Politics and Policymaking

It is impossible to separate policymaking from politics. Many groups with different interests and their own agendas are involved in all stages of policymaking. A good example is the 1996 welfare reform legislation. Passed by the Republican-controlled Congress, the reform law contains provisions for cuts in direct federal aid and new work requirements that troubled many Democrats and organizations representing the poor. President Bill Clinton signed the bill after some hesitation and then indicated that he would seek changes in the law during the next session of Congress.

Fragmented policies

A strong case can be made that the very nature of the U.S. system of government encourages fragmented policies. The separation of powers, checks and balances, and federalism mean there is no one institution responsible for making policy. To illustrate, the federal government has a perspective on immigration reform much different from that of the governors of states mandated to provide services to a growing number of illegal immigrants. Interest groups with opposing points of view on an issue also come into the mix.

The lack of coordination among agencies responsible for implementing policy also contributes to fragmentation. For example, the Federal Bureau of Investigation (FBI), the Drug Enforcement Administration (DEA), U.S. Customs and Border Protection, and the Coast Guard, as well as the local and state police, have responsibilities in preventing illegal drugs from entering the country. Not only do their jurisdictions overlap, but each is determined to protect its turf. Anyone who has seen how local law enforcement officers and the "feds" are portrayed on television police shows has an inkling of the problem. The 9/11 Commission concluded that the lack of coordination and information sharing among intelligence and other federal agencies was a factor in the success of the 2001 terrorist attacks.

Politics in Congress

The formulations and adoption of public policy can be either hampered or advanced by the way things are done in Congress. Bills for the construction of major public works that benefit a particular district or state, such as bridges, dams, and highways or the establishment of military bases, are known as pork-barrel legislation. While such programs do create jobs, they may run counter to a broader policy direction, such as the need to cut the federal budget deficit.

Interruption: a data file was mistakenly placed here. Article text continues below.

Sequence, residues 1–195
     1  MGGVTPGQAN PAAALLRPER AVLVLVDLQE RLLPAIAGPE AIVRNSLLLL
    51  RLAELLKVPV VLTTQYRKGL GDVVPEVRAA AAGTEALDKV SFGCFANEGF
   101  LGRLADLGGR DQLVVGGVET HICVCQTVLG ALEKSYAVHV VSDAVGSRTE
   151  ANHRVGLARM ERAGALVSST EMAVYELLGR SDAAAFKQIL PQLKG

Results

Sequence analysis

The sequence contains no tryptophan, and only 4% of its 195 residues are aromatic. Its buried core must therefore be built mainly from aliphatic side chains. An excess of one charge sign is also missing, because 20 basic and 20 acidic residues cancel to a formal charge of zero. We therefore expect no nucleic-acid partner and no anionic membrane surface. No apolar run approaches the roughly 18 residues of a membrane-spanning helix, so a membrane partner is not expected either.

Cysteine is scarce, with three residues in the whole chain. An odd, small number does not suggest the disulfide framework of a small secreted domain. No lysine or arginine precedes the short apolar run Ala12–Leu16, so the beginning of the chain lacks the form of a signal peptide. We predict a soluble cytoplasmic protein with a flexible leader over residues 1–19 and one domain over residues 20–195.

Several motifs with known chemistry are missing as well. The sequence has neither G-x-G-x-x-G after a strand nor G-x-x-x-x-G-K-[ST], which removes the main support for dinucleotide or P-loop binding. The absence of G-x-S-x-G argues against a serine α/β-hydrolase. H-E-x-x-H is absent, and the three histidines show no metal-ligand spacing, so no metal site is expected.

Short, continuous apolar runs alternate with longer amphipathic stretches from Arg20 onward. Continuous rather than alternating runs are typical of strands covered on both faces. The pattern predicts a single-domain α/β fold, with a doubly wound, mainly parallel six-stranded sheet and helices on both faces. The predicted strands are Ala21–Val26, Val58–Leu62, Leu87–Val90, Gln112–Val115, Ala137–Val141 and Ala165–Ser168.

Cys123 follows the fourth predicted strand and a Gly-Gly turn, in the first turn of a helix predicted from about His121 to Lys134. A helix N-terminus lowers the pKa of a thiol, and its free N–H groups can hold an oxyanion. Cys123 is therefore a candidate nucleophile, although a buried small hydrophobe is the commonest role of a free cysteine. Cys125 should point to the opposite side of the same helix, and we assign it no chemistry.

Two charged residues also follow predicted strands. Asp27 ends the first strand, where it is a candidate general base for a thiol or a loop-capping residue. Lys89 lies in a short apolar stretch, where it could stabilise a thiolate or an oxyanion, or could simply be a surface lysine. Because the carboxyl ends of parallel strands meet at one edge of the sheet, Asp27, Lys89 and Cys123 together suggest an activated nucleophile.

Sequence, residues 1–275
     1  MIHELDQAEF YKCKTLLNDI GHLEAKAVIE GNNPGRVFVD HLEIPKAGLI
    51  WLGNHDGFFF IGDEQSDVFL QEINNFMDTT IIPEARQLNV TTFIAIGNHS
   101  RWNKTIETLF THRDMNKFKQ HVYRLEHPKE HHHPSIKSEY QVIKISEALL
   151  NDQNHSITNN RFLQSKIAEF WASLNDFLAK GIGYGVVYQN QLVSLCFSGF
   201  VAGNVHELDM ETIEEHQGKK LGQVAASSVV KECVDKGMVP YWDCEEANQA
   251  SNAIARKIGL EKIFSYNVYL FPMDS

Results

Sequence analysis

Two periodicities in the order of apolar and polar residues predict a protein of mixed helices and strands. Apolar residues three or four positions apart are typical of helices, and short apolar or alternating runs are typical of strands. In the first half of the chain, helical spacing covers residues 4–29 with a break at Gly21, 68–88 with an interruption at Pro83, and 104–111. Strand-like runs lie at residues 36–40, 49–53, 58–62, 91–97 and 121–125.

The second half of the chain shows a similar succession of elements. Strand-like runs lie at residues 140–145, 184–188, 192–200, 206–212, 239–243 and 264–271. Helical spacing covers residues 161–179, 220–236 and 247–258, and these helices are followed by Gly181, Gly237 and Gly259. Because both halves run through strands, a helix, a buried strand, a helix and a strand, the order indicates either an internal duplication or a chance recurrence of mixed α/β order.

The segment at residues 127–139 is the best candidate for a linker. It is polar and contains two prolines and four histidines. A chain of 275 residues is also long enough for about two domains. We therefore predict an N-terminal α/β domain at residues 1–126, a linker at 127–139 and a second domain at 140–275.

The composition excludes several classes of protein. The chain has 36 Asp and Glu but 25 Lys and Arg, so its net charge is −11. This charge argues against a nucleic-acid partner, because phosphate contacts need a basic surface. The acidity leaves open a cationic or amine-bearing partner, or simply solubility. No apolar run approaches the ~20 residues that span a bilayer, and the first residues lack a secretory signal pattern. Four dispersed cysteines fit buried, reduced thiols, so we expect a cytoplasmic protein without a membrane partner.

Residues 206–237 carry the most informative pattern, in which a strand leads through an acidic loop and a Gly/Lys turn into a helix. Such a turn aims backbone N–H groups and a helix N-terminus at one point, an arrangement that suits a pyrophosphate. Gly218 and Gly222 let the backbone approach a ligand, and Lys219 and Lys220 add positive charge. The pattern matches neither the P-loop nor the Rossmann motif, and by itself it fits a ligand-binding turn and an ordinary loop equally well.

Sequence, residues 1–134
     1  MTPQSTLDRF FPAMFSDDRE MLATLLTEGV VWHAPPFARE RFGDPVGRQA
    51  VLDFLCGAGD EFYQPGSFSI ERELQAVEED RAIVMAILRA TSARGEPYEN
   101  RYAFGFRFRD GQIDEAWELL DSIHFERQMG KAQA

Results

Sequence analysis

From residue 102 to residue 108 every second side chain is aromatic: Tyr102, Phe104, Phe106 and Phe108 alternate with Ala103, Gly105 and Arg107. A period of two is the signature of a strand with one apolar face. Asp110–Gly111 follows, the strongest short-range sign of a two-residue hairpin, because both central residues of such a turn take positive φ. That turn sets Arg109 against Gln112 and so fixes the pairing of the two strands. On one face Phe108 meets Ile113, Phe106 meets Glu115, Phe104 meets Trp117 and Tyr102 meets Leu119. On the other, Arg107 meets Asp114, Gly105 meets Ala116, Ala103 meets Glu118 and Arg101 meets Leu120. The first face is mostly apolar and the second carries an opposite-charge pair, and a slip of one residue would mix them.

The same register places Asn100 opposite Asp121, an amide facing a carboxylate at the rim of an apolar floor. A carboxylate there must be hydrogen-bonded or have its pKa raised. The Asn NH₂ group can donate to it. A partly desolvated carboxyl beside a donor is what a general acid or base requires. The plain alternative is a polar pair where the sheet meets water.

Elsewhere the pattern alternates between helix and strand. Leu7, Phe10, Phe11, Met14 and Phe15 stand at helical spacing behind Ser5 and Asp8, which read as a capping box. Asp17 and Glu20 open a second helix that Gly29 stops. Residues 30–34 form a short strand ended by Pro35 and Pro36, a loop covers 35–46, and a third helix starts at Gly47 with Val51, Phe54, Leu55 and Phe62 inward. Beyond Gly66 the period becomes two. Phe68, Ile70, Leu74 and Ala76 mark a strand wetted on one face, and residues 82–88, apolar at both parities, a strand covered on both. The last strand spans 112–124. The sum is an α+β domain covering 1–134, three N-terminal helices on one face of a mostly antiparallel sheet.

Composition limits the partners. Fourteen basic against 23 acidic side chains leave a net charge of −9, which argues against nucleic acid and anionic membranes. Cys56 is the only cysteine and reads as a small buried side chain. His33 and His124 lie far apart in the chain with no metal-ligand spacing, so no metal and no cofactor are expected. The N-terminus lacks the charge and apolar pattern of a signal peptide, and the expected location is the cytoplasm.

Often, representatives from different states and even different parties may agree to support each other's legislative agendas. A New York congressman may support a water project in Arizona in return for his Arizona colleague's vote on a mass transit appropriation for the Northeast. This practice is known as logrolling, and it is a way of building coalitions that may back a new policy direction.

Iron triangles and issue networks

Elected officials are not the only people involved in the politics of policy. An issue network is a newer concept. It involves members of Congress, committee staff, administrative and regulatory agency directors and staff, lobbyists, executive department officials, and scholars from both the academic world and so-called "think tanks" (like the conservative American Enterprise Institute, the liberal Brookings Institution, and the libertarian Cato Institute) who work on a specific policy. An issue network is much more complex than an iron triangle, and the participants are often in conflict in spite of their common area of interest.

The role of scholars in developing a policy should not be underestimated. It is not uncommon for a congressional committee holding hearings on a welfare bill to hear testimony from economists, sociologists, and political scientists who have important insights on a problem based on years of study.